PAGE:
Blood oranges: a punk, cheerful and anarchic object [critique]

A black and creaking comedy on the absurdity of our society, between middle finger and distorting mirror. No keep in all hands.

In 2016, Jean-Christophe Meurisse imposed his absurd and hilarious universe with Apnea, freewheeling sketches film that brought out the modern world. The director and founder of the Dogs of Navarre troop traces his furrow with the no less dingo Blood oranges, articulated around three apparently disconnected stories: a couple of over-indebted retirees tries to win a rock contest; a teenager wants to have her first sexual experience and comes across a psychopath; a minister entangled in a case of tax evasion. Result: a dazzling UFO which oscillates between creaking comedy to die for laughter (incredible dialogues), torture film (two scenes were talked about at length during the Cannes screening) and social story. A truly punk object, truly joyful, truly anarchic, but which never forgets to deal with its subjects – the uprooting of the elites, the class struggle and the ineptitude of our societies – in the background, even when it allows itself to change gender like you change your underwear. The risk is obviously to drown the viewer in a deluge of unease and chaos, which Meurisse does not entirely avoid, the distorting mirror sometimes flirting dangerously with the grotesque. But once all of his grenades are carefully unhooked, he moves when you least expect it with a final shot that would almost seem like out of another movie. It was all a black farce, okay, but at the end of the tunnel there was still light.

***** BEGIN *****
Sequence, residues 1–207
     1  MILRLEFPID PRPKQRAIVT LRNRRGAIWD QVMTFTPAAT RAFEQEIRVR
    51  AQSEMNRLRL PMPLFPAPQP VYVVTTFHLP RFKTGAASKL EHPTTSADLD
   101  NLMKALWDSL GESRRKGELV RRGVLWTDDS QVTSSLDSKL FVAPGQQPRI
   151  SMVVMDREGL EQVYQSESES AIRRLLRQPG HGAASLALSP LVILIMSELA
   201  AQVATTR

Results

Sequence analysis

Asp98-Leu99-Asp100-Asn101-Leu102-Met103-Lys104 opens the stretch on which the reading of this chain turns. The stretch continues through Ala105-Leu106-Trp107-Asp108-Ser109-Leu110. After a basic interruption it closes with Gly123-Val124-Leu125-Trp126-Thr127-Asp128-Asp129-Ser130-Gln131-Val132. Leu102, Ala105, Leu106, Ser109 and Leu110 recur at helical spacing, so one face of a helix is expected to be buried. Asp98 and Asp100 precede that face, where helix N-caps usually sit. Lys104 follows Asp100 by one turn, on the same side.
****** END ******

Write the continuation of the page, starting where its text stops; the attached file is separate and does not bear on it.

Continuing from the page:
Of Jean-Christophe Meurisse With Alexandre Steiger, Christophe Paou, Lilith Grasmug… Duration 1 h 42. Release on November 17, 2021

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